CoderDojo Content Authoring Guide¶
When our CoderDojo clubs were just getting started we struggled to find high-quality content that was age appropriate for our students. We learned of the CoderDojo international foundation used simple laminated Concept Cards
Our Content Publishing Stack¶
We use GitHub to store our content. GitHub is free for all public content and has many advanced features that allow team to work together to build and test learning content. Many of our content authors are familiar with GitHub.
We use GitHub Pages to publish our content to microsites. Each coding group has their own microsite and search does not currently work across the microsites (we are working on fixing this). All content should be published into a gh-deploy branch. If you change content using the web-based editor (the pencil in the upper right corner of the github page viewer - you may need to have a friend help republish the content to the GitHub Pages site.)
We use mkdocs for our publishing tool. To deploy mkdocs you will need to have python installed on your local computer. You must run the "mkdocs gh-deploy" command every time you make changes.
We use the mkdocs material theme. We encourage you to learn to add custom material widgets to your content.
We use CoderDojo style guide for our colors, icons and fonts. Please try to stay close to these guidelines so that mentors, parents, and students all know they are on a kid-safe site.
Setting Up a Virtual Environment with Conda¶
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Add the site dir to your .gitignore¶
The mkdocs process takes Markdown files and converts them to HTML. These files are put into a folder called
site. However, to publish we push this folder to the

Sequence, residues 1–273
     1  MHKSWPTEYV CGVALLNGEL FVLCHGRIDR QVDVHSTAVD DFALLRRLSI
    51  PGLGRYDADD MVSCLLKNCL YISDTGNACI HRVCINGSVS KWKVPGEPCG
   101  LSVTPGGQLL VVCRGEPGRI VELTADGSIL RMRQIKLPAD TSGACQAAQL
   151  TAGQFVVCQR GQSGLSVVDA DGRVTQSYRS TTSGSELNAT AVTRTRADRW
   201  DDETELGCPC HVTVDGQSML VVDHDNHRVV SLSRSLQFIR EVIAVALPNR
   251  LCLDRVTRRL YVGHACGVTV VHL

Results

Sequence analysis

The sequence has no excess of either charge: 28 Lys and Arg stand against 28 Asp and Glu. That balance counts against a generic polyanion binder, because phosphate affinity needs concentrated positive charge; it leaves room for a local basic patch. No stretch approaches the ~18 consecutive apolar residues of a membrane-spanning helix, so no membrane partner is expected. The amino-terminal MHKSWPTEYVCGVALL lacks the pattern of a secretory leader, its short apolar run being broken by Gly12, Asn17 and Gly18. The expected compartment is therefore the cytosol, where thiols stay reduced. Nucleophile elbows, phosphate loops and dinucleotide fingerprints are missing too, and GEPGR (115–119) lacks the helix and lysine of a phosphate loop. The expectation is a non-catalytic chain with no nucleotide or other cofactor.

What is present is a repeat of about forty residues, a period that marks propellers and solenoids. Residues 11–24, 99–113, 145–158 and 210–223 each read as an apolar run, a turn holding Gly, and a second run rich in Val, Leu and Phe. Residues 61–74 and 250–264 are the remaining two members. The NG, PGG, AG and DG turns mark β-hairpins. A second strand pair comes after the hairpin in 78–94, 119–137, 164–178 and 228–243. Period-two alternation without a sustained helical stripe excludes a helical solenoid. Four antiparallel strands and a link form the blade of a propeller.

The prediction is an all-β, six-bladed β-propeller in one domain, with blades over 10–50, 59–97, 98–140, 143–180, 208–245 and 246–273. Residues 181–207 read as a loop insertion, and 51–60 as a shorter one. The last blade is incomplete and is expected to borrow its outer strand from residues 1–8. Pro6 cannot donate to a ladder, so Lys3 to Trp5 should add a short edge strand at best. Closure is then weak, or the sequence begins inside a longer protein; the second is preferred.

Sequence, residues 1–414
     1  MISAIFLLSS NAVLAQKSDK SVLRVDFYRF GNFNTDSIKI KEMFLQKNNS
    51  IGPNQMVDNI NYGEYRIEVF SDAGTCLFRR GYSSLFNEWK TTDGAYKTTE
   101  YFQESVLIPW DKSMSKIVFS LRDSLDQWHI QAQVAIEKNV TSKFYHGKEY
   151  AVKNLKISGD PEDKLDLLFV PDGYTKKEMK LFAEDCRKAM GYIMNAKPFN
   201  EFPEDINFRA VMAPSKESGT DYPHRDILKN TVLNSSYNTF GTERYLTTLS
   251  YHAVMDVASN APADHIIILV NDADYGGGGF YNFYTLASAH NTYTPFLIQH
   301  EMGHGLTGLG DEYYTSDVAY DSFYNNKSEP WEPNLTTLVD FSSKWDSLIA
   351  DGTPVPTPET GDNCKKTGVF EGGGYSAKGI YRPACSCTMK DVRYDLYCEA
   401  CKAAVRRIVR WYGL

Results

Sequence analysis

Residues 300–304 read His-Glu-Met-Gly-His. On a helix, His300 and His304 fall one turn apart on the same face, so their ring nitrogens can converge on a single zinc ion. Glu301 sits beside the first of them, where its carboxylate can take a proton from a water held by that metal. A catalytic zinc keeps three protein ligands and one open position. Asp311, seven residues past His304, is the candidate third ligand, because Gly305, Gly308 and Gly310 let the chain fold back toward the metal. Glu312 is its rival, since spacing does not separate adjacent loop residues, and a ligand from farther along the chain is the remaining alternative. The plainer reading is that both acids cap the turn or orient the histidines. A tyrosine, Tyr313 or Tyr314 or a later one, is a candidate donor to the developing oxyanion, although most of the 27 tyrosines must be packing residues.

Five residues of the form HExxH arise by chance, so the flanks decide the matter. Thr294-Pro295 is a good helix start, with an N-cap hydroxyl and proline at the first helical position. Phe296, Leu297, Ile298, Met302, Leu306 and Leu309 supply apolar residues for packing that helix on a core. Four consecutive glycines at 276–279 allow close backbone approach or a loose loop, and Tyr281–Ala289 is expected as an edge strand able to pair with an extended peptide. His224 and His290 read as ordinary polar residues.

gh-deploy branch. To keep the site directory from being pushed to the main branch we need to add the directory to the .gitignore file:
Contents of .gitignore
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Try to avoid links to resources that are not kid-safe.
By using these standards it will enable us to reuse this content for search, recommendation and building tools that allow students to use chatbots to help them code.
All images should be stored in the doc/img directory in your site. Please keep images reasonably small (under 50K) to keep the load times fast.
Make sure when you add a new content file you link it into the navigation menu. Try to keep navigation lists under 30 items. Try using nesting if your lists get too long.
There are only four mkdocs commands. You will rarely need to use the new command.
Build the MkDocs documentation. We use this to test at the nav pages all match a document. If you get error messages in the build process you work on fixing them until the build does not return any errors.
Deploy your documentation to GitHub Pages. Run this when you want to take your local changes and push them to the web site.
Here is an example of this run:
$ mkdocs gh-deploy
INFO - Cleaning site directory
INFO - Building documentation to directory: /Users/dmccrea1/Documents/ws/CoderDojoTC/site
INFO - Documentation built in 0.90 seconds
INFO - Copying '/Users/dmccrea1/Documents/ws/CoderDojoTC/site' to 'gh-pages' branch and pushing to GitHub.
INFO - Your documentation should shortly be available at: https://CoderDojoTC.github.io/CoderDojoTC/
Create a new MkDocs project. Most of our mentors will not need to do this. We will supply you with a template zip file with all the right content if you need to create a new CoderDojo microsite of your own.
Run the builtin development server and display the web site on your local computer. This is a great way to quickly check your changes since the server watches for any file changes and immediately updates the web page.
We chose the Google Material theme because there are tens of thousands of components you can add to your pages. You can get a sample of them here: